PLEASE take time 2 watch these 2 inspiring & informative segments from KCBS @greatlungrun @jillslegacy #lungcancerawarenessmonthRead Now
The following article was originally published in LSF Magazine: Fall 2012.
Copyright 2012 Life Sciences Foundation.
In Part I, we recounted how former oil executive Bonnie J. Addario survived lung cancer and embraced a new calling: patient activism. She started the Bonnie J. Addario Lung Cancer Foundation (BJALCF) with two goals: 1) to raise public awareness about the relative neglect of lung cancer in biomedical research, and 2) to help lung cancer patients navigate effectively through the healthcare system toward the best available care.
Addario soon realized the necessity of a third goal: to enlist the aid of physicians and biomedical scientists in the reorganization of cancer research. In November 2007, she convened the first annual BJALCF Lung Cancer Summit in San Francisco, and posed a simple question to an audience of prominent oncologists: “If money were no object, what would you do to increase lung cancer survival rates?”
Tissue is the issue
Dr. Harvey Pass, Director of the NYU Division of Thoracic Oncology, stood to respond: “We need a bio-repository operated by an honest broker, and collaborative agreements to ensure that institutions donate tissues.” The fight against cancer in the emerging era of genomics and personalized medicine depends crucially on the identification of tumor biomarkers – mutated genes or molecules associated with the development of specific types of malignancies. Biopsied tissues are basic raw materials that researchers need to develop improved diagnostic tests and targeted therapies. As Bonnie puts it, sample collection is “a search for gold.”
The value of biomarkers in the development of diagnostic tests and therapies has been amply demonstrated. In the case of lung cancer, for example, a genetic test is now available to detect a specific mutation in the gene that codes for a protein called epidermal growth factor receptor (EGFR). The mutation causes overexpression of the protein, which leads to aggressive forms of lung cancer (and colorectal, ovarian, and pancreatic cancers as well), tumors that readily metastasize and are resistant to standard chemotherapies. For lung cancer patients who carry the mutation, the best available drug is Genentech’s Tarceva®. Tarceva targets EGFR and inhibits its biological action.
“Think about it this way,” says Bonnie. “A carpenter would never leave the house without a full toolbox – a hammer, a screwdriver, a saw, and so on. Molecular analysis of tissues is the tool that oncologists need to select the right treatment for the unique patients sitting in front of them.”
Oncologists have long collected and analyzed tissue samples in order to characterize, predict, and monitor the progression of tumors. It was never common, however, to share samples broadly. With limited tools and techniques for the investigation of cancer genetics and scarce understanding of the heterogeneity of cancer as disease category, demand was limited. Specimens were regularly discarded after testing. Now, however, genomics technologies permit far greater differentiation in tumor typing. Demand for specimens is growing. Comprehensive identification of mutations and gene expression patterns implicated in oncogenesis will require genomic analysis of large sets of tissue samples.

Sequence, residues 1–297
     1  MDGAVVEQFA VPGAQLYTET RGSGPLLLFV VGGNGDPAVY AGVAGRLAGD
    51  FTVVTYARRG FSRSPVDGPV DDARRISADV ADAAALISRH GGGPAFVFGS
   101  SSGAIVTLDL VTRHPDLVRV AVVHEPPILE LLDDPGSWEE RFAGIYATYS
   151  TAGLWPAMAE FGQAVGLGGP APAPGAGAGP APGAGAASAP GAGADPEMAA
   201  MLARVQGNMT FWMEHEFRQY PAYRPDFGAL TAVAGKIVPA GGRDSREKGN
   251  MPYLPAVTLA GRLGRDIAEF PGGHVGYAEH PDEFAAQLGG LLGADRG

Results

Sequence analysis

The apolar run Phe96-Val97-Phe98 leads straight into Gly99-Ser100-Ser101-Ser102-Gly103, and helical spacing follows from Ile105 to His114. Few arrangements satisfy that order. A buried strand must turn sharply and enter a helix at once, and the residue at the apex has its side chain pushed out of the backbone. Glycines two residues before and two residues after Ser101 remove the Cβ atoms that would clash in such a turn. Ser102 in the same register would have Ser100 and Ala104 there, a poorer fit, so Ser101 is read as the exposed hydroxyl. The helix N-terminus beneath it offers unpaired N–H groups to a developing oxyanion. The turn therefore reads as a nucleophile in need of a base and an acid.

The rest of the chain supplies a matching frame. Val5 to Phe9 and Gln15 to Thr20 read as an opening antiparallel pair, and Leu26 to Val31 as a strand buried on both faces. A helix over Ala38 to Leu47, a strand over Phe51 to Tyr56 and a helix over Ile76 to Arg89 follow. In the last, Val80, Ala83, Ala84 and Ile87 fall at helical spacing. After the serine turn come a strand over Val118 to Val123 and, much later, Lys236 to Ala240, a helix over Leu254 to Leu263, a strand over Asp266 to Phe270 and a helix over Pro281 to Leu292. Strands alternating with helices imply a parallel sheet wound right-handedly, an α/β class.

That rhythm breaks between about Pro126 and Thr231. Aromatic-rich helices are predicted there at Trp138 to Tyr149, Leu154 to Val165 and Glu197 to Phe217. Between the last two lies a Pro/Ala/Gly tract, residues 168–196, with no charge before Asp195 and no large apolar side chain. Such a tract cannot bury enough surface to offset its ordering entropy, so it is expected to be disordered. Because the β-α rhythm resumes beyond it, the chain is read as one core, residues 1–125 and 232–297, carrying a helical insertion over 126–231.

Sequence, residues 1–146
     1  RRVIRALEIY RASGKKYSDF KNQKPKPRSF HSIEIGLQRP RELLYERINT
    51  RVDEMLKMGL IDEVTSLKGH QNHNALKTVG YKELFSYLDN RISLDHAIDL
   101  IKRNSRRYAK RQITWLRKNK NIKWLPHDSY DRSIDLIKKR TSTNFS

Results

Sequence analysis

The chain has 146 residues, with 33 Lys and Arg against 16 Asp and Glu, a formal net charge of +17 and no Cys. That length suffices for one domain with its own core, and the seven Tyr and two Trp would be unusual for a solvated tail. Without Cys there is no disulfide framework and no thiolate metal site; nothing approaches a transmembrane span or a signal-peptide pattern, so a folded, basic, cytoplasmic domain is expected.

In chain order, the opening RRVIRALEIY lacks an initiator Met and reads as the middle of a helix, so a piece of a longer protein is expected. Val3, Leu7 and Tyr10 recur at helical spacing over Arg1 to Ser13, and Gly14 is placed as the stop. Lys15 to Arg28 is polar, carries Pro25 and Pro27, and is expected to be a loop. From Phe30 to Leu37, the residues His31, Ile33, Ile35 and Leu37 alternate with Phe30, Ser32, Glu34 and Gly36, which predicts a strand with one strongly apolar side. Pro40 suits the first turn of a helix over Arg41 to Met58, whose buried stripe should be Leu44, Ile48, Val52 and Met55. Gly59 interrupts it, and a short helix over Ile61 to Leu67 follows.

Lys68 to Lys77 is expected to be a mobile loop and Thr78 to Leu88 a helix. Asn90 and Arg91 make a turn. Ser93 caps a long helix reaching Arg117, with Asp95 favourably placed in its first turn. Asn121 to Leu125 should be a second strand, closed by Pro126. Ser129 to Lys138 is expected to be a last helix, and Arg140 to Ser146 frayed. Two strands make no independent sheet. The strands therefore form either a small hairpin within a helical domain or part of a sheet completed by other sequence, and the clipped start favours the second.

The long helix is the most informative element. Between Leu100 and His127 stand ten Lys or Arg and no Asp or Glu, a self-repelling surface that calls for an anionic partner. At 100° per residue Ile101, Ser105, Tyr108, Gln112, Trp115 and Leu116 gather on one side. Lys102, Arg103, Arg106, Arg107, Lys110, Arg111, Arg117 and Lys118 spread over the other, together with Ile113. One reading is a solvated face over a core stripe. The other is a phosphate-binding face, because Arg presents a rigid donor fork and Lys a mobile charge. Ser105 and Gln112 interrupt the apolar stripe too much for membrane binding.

Boom and bust
In the early 1990s, there were great expectations among genome scientists, entrepreneurs, investors, and drug companies that the identification of genetic markers would streamline drug discovery and development and form the basis of a new sector of the pharmaceutical industry. A large cohort of companies appeared, ready to implement genomics technologies in drug target screening, identification, and validation, but the data licensing business model adopted by most firms proved unsustainable.
Information alone doesn’t make a drug. Drug design involves making safe and effective interventions in strictly regulated and finely tuned biochemical signaling pathways nested in highly complex biological systems. A lot can go wrong. Even if a pharmaceutical company possesses a promising target, there is no guarantee that it will be able to develop an efficacious drug. Most attempts fail. If all goes well in the laboratory and clinical testing – a very rare course of events – then one might expect a drug in perhaps ten years at a cost of half a billion dollars.
Given the length, expense, and uncertainty of the drug development process, pharmaceutical companies questioned the value of biomarkers. What is a fair price? Eventually, the answer became clear: not enough in many cases to support the commercialization of biomarkers as a main line of business. After pharmaceutical houses had made a first pass and selected priority drug development targets, demand for biomarkers slackened. Firms licensing gene sequences struggled to remain profitable. Many genomics companies elected to divert resources to the downstream development of diagnostic products or drugs. Oncologists had anticipated an avalanche of cancer biomarker data, but only a trickle arrived.